Eventually I decided to try to write an IRC bot in Python. During this effort, I realized I knew nothing about networking, concurrency (how does gevent work?), operating systems, and how to do non-trivial IO. Similarly, I also ran into performance and memory problems with some numpy code, and I started to wonder how does this stuff work and why is numpy so much faster than anything I can write in pure Python? These were my "C shaped holes". Around the time I discovered I had these "C shaped holes" is when I started college, which was a good place for me to take low-level programming classes and fill the holes.
Besides getting a student motivated, maybe the hard part of education is having students realize that they have these holes.
I think the author's argument can be split into two generalizations:
(1) people who know C are better programmers
(2) people who learn Python first never learn C
I think (1) is generally true. I would be interested to hear someone explain why they think having low-level programming knowledge makes you a worse programmer than one without low-level knowledge.
I disagree with (2). I took a high school class on Java, they spent several years programming in Python and becoming relatively proficient. As the author described, I eventually hit the "hard dirt" where I started to having to worry about the OS, memory, etc. I then learned C and C++, operating system internals, high performance computing, GPU computing, etc and all of the low-level ideas that the author thinks that those who learn Python will never know.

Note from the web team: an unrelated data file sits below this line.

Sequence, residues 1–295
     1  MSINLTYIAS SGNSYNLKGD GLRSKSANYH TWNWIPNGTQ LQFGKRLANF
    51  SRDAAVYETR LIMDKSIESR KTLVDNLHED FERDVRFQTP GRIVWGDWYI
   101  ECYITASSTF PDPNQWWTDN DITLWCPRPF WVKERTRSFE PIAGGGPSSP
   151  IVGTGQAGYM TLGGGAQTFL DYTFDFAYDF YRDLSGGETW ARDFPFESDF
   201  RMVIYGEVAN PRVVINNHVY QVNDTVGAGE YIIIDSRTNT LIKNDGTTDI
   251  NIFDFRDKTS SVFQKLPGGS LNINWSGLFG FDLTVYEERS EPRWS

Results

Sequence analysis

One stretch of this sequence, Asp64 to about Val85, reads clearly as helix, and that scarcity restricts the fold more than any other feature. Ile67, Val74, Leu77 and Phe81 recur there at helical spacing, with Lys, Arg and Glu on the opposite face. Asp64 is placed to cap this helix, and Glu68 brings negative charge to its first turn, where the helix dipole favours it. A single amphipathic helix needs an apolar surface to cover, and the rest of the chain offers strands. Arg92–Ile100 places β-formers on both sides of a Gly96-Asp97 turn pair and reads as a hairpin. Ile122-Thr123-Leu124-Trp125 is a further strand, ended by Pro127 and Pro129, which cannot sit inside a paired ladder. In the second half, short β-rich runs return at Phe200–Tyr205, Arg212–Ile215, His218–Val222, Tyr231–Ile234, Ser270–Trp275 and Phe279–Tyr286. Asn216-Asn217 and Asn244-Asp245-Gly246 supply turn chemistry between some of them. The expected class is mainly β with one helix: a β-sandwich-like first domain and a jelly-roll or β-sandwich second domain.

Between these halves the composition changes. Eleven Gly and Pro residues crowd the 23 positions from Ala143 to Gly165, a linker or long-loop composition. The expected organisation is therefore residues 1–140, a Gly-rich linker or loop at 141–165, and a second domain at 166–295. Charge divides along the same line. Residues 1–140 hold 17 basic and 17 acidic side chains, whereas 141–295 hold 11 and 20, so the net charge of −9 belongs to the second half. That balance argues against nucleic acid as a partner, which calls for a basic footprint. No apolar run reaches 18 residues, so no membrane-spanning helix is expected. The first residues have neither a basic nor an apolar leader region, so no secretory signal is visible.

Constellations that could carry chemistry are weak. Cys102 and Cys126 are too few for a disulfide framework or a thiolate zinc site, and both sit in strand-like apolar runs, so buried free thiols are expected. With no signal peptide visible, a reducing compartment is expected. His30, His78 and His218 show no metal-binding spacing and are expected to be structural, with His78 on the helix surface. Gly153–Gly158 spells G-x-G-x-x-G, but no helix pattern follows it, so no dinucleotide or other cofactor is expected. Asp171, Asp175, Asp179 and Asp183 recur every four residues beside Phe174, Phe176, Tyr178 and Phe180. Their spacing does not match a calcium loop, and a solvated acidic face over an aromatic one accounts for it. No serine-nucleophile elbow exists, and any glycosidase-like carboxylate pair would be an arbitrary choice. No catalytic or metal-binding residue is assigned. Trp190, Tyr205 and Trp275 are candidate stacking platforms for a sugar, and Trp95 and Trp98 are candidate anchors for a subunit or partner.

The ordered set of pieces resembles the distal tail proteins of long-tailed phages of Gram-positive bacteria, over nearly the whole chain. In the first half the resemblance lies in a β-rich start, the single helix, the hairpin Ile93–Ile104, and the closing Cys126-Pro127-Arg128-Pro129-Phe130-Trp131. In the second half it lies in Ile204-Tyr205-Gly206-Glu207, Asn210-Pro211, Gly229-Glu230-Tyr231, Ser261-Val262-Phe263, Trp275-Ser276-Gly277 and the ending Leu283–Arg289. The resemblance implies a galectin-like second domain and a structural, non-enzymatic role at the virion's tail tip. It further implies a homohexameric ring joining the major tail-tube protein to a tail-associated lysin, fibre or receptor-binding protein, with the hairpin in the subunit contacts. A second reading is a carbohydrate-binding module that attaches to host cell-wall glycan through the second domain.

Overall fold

However, both statements (1) and (2) are generalizations, and I've only shown that I violate (2). I believe (2) may actually hold for many people, and I agree with the author's idea that if people learned C first we would have fewer programmers but perhaps also better programmers. Of course, "better programmers" is very hard to define and depends a ton of the domain of tasks over which you're evaluating the programmer.
I agree with you on (1). Knowing more is better than knowing less; this is almost tautological. Knowing C -- it doesn't matter whether it's your first language -- will make you a better programmer.
However, I disagree with the assertion from TFA that knowing C is somehow more "intelectually stimulating" than knowing Python. Specifically, I disagree with this:
> "I get the sense that Python-first programmers are missing out on a lot of the fun of programming. There’s a mistaken notion that programming is most enjoyable when you’re doing a diverse array of things using the smallest amount of code, leveraging client libraries and so forth. This is true for people trying to get something done to meet a deadline; but for people motivated by learning — and who aspire to be extremely good programmers — it’s actually more fun to create programs that do less work, but in a more intellectually stimulating way."
I find the above assertion ridiculous, and I know C better than Python. Learning programming with Python is more fun than learning with C. That's not to say C isn't fun; programming is fun as a whole. But Python is not for people "trying to meet deadlines", and it's way less puzzling and lets you get into the "interesting" part of your project faster, with fewer pitfalls and less boilerplate than C. That's the definition of "fun".